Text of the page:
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The Improper Bostonian (US)
a free bi-weekly arts and entertainment magazine in Boston, MA
August 13, 2003
Tori Amos finds new wisdom and maturity through an American travelogue that grew into her latest album.
by Paul Robicheau
When Tori Amos pulls into the FleetBoston Pavilion Aug. 24, she'll be two days past her 40th birthday. And although the singer-pianist has always been more of a sophisticated pop eccentric than an MTV cornflake girl, she clearly has the milestone in mind when she considers her long-term career.
"For a while, we've been caught up in worshipping the youth culture, which is very dangerous, because you lose all that wisdom from the women in the tribe," says Amos, who has been making tremors since her 1992 solo debut, Little Earthquakes, wrapping piano filigrees around ethereal soprano musings.
"So many people want to be 24 when they're almost 40, but more people at 24 should want to be more like 40, especially when they open their mouth," Amos says from a California tour stop. "Sometimes I think the women's magazines have done us a disservice, because they've devalued what it takes to gain wisdom, and what it takes to carry grace, and that's about experience. You can't go to the gym and get that."
Amos' experience thus far includes seven albums, eight Grammy nominations and countless tours. The songs on her latest CD, Scarlet's Walk, came out of Amos' reflections on the American experience as she traveled across the U.S. in the fall of 2001.
"The feeling that if you asked questions, you were betraying your country was something that I found was troubling people," she says of that tour in the wake of 9/11. "The work was changing as I saw how people were questioning their relationship with America as a soul. A lot of America has not been about the soul of the land. It's about the forefathers who control the land."
For the CD's narrative, however, Amos departed from her past writing style to convey the songs through a character named Scarlet, whose travels paralleled her own journey in some ways, but not all. "I needed people to see themselves in Scarlet," she says. "I might be in Scarlet, but she was her own persona--and she changed me. She had four lovers in the story. When I was writing it, I wasn't having four lovers. My husband has asked me this question!"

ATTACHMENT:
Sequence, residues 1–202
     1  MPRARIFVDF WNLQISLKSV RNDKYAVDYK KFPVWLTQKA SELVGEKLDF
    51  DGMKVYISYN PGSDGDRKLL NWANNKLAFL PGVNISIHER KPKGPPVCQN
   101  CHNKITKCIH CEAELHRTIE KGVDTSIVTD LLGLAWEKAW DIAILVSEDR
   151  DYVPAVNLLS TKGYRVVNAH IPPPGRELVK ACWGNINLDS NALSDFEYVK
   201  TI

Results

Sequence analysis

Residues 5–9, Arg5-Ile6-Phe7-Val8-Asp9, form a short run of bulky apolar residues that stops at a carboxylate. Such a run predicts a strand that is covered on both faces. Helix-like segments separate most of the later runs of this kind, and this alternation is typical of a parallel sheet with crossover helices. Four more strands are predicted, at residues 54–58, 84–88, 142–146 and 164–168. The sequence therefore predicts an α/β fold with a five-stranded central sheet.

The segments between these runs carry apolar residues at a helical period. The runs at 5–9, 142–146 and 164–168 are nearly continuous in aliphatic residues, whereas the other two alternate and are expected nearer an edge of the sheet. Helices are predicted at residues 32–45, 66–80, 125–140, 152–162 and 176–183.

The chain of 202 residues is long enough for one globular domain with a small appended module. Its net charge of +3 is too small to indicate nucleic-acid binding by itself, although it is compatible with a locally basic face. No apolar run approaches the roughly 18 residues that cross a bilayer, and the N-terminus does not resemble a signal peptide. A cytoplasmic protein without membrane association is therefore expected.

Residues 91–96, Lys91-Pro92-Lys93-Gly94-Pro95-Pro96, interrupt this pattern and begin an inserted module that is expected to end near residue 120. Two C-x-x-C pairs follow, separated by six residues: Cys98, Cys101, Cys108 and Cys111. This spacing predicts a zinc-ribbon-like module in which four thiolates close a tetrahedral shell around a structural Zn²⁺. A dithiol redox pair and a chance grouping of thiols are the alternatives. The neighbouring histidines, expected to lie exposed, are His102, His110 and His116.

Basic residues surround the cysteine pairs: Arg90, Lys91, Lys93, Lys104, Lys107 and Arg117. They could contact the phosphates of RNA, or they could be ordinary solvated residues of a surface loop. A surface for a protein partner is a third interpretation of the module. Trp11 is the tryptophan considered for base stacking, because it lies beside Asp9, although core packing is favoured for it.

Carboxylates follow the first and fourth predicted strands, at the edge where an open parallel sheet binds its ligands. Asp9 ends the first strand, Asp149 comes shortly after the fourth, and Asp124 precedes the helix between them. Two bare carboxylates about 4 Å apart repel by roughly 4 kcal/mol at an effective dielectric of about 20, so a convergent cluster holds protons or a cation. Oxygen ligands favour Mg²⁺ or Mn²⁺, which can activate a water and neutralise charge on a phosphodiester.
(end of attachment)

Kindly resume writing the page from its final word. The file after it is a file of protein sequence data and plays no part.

Songs range from romantic encounters to the haunting 9/11-shaded confusion of "I Can't See New York" to "Gold Dust," in which Scarlet gives birth to a child--as Amos did in September, 2000. Several songs also contemplate the plight of Native Americans, as subject that strikes a personal chord with Amos, who used to listen to stories told by her part-Cherokee maternal grandfather.
"His belief was that until the land could be seen as sovereign and autonomous, and as a spiritual mother, we as European-Americans, African-Americans, Latino-Americans--the whole ball of wax--are not caretakers for the country," she says. "We're just takers. We are not nurturing and leaving anything for several generations from now. He said to me, a generation must rise--to redefine generation, it's not an age, it's a consciousness. And that has really stayed with me, the idea of redefining power."
Given that Amos' fans rank among the most fanatical in pop music, such adulation could provide its own sense of empowerment. But she says, "You can't get drawn into that. You really have to see yourself as a space. You hold a space for people to come and claim their own sovereignty."
Growing up, Amos claimed her musical sovereignty from a broad pool. A piano prodigy, she studied at Baltimore's Peabody Conservatory from age 5, but rebelled against the classical regimen and was expelled at age 11. She shifted her focus to musicians like Ray Charles, Joni Mitchell, Laura Nyro, Pink Floyd and Led Zeppelin over the years to follow.
"People have impressions of the piano that I don't have," Amos says. "My kind of orientation as a keyboard player has been Jimi Hendrix." Now, after spending most of her career performing in a dramatic solo context, she tours in a trio format with bassist Jon Evans and drummer Matt Chamberlain. And in addition to her trusty Bosendorfer grand piano, Amos takes turns on Fender Rhodes and Wurlitzer electric pianos. The Wurlitzer was used by Country Joe and the Fish at the original Woodstock. Now it's painted with a Cherokee flag.
Amos' current tour ends just in time for her daughter Nataysha's third birthday. "Ballet class starts in September, so the clock's ticking," says Amos. "We made a deal that I'm going to be off the road by her birthday. The last show is September 4th and her birthday's September 5th. I wouldn't say I don't cut it close, but I only sort of make it before I turn into a pumpkin."
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